Chief constable suspended over 'misconduct'

 

The chief constable of Cumbria Police has been suspended over allegations of serious misconduct, in the latest controversy involving the highest echelons of British police.

Stuart Hyde, the acting chief for the force, was relieved of his duties on Thursday during a closed-door meeting over complaints from within the force that may "indicate a breach in the standards of professional behaviour by Mr Hyde," according to a statement from the police authority. Officials declined to detail the allegations but they were not believed to be financial or sexual in nature.

During the course of his 29-year policing career, his responsibilities have included the police use of DNA, creating the Child Exploitation and Online Protection Centre and tackling online crime. He was formerly the chairman of the charity Bullying UK.

Mr Hyde, whose case has been referred to the police watchdog the Independent Police Complaints Commission (IPCC), has become just the latest head of a police force to face intense scrutiny over his actions.

Sean Price, the suspended chief constable of Cleveland police, will face a misconduct hearing next month over an internal appointment. He and his deputy, Derek Bonnard, face other charges over the alleged misuse of funds and corporate credit cards. They have both denied wrongdoing.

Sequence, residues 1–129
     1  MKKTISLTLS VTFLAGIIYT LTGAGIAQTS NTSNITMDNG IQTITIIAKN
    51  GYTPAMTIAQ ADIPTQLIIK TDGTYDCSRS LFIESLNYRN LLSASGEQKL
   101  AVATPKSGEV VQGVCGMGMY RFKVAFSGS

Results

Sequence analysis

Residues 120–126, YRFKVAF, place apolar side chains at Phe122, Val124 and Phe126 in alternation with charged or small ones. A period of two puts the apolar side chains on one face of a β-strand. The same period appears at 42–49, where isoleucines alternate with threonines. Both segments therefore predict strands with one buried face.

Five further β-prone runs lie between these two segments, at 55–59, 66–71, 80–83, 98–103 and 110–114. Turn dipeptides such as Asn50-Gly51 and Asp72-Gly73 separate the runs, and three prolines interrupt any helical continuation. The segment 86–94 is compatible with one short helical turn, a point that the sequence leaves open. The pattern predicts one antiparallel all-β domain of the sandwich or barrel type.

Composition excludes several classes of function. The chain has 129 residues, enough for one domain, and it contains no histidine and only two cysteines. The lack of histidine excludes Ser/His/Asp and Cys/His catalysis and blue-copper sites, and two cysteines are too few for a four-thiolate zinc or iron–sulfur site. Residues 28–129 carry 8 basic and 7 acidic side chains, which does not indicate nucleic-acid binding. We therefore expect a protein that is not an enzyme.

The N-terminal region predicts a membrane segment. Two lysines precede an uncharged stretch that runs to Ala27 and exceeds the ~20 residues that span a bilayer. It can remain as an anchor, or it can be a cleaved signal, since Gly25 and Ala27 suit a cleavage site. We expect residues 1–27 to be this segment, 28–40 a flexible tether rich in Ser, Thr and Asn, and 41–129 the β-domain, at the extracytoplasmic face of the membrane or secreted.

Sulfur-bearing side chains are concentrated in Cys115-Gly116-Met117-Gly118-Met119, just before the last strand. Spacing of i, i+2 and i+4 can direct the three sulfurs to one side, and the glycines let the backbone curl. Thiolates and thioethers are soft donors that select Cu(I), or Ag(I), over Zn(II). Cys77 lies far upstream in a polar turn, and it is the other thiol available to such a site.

Norman Bettison, the experienced chief constable of West Yorkshire, was also fending off demands for his resignation in the aftermath of the Hillsborough force.

Mr Hyde, who was only appointed to the temporary role in January, said he would fight to clear his name. The senior officer has been with the force for more than three years and said that he wanted to continue to serve as its chief constable.

In a statement issued by his lawyers, Mr Hyde said: "I was devastated when I was told last night about the allegations. I will await the full details and I will co-operate fully with any investigation. This has had a profound effect on me and my family and I want to clear my name as soon as possible."

His lawyers also declined to detail the nature of the allegations levelled against him. The police force also would not comment about the complaints against Mr Hyde.

Cumbria Police Authority chairman Ray Cole said that Mr Hyde was suspended following a "number of allegations" against him. "The authority takes all allegations against any police officer seriously and must address these allegations in an appropriate manner. This is an isolated matter and does in no way reflect the conduct of the wider constabulary."

A spokesman for the IPCC confirmed that it was looking into the case. "We will be carrying out an immediate and detailed assessment of this referral to determine the level of our involvement in an investigation."

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